Mast Cell Activation Syndrome Can’t Stop This Gymnast

Natasha Coates has a lot more to be cautious of than most people. Anything she eats or drinks could be lethal. She’s even allergic to her own hair and tears as a result of her mast cell activation syndrome. Keep reading to learn more about Natasha’s story, or follow along at the original source here.

Mast cells are a type of immune cell. They fill many role sin the immune system, but their most important task is to protect the body from infection. Mast cell activation syndrome prevents mast cells from working as intended. Affected mast cells may produce histamines at an increased rate when fighting off infection. Mast cell activation syndrome may even cause the cells to respond when there is no infection. These spontaneous reactions can do massive harm to a person.

Coates, a 22-year-old gymnast from Nottingham, England, explained her condition on Barcroft TV. As she describes it, mast cell activation syndrome can sometimes trigger something simple. Sometimes she just doesn’t feel well. Other times the disease causes her throat and tongue to swell. Growing her hair out causes painful blisters, and her face breaks out in a rash if she cries.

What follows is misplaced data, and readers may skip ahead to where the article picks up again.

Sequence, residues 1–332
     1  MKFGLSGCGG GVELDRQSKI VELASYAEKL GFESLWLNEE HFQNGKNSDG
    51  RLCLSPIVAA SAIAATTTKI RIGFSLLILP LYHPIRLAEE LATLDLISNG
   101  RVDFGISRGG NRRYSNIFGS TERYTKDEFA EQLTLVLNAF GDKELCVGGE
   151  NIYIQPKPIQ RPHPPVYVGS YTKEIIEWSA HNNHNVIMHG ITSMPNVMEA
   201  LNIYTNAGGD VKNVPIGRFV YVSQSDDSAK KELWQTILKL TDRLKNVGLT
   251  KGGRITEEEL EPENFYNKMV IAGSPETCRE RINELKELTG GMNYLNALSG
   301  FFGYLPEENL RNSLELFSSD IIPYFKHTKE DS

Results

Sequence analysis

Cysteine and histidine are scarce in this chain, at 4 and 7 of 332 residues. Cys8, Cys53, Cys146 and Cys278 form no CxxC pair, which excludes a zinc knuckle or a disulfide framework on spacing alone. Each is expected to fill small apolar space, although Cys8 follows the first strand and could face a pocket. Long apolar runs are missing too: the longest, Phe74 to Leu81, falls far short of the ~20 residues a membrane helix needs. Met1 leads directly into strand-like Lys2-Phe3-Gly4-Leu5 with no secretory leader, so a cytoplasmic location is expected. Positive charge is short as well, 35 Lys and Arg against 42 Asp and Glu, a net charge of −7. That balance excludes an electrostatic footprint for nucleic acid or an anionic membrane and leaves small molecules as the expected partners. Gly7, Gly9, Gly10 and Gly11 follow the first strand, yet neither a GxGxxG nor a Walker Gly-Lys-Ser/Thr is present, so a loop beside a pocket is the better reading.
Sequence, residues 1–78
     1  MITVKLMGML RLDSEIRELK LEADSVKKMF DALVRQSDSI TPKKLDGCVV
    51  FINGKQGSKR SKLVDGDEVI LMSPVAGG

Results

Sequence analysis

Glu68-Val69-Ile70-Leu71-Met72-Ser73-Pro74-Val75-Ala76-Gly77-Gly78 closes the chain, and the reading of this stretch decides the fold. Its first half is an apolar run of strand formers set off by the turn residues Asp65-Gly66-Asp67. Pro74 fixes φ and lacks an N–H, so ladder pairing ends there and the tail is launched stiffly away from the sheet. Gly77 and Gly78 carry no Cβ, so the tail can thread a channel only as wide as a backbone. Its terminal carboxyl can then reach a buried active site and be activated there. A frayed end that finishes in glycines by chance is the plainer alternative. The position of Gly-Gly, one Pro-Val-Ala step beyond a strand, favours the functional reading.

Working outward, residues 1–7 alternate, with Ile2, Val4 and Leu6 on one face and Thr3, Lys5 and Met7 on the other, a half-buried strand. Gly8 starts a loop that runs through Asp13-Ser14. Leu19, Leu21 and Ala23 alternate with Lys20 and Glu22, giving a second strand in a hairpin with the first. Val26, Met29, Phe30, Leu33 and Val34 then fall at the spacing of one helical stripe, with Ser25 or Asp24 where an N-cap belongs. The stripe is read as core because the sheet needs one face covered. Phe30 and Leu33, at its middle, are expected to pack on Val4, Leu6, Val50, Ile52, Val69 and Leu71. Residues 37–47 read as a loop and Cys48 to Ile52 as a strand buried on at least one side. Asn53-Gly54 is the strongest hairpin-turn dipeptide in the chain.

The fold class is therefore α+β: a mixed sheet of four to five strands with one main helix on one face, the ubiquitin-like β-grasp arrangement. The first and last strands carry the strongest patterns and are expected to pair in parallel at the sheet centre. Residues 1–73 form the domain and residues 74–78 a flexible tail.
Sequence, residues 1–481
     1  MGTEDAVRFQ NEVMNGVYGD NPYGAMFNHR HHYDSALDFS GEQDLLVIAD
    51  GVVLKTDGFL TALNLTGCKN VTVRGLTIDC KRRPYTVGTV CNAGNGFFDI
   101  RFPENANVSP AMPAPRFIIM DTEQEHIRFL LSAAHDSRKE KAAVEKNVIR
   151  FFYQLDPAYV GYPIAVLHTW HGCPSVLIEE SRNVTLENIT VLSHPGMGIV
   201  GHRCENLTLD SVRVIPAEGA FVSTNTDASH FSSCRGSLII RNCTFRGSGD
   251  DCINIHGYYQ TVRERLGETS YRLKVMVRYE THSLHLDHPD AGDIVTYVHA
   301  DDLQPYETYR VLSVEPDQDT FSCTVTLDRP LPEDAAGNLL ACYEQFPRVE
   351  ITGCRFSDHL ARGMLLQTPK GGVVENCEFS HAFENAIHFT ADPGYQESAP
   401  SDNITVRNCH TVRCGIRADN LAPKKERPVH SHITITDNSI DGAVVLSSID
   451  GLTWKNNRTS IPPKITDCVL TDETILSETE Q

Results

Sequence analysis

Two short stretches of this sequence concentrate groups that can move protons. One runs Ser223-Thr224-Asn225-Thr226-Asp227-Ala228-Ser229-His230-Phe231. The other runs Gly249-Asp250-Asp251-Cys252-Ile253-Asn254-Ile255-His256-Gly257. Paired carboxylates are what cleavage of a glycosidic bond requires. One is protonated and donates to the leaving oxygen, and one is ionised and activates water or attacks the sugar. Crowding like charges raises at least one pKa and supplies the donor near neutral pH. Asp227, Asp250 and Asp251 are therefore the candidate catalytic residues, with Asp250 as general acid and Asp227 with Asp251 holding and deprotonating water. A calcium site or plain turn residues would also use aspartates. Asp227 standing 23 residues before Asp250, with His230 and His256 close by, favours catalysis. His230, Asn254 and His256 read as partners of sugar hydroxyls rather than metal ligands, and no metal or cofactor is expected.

2012 marked the first year Coates noticed something was amiss.

She began having allergic responses to fruits. Eating apples and strawberries caused the skin of her mouth to blister. Doctor’s diagnosed her with oral allergy syndrome. After that she had a serious anaphylactic reaction and became hospitalized. Years of intense allergic reactions later Natasha Coates finally received a diagnosis of mast cell activation syndrome.

Mast cell activation syndrome can be triggered by anything.

It’s difficult to predict exactly what will trigger a reaction, says Coates. Sometimes her body will accept something. Her next exposure to the same stimulus may cause a serious and horrifying episode. She’s unable to do many things that her peers take for granted. Drinking alcohol, for example, is strictly impossible for Coates. She restricts her diet to foods that haven’t yet caused allergic responses. Her mother cleans the house frequently to prevent exposure to new allergens.

Despite all this, mast cell activation syndrome hasn’t been able to keep Coates away from gymnastics.

Coates started training when she was only eight. Her condition made it so that she was unable to train and compete in standard gymnastics. Coates switched to disability gymnastics. It still isn’t easy. Mast cell activation syndrome causes loss of feeling in her body. When she practices she often experiences loss of sensation from her elbows to her knees.

Coates says that persistence and stubbornness has made her progress possible. In 2015 she was named Disabled Sportsperson of the year. She ranks as the number one disability gymnast in the UK.

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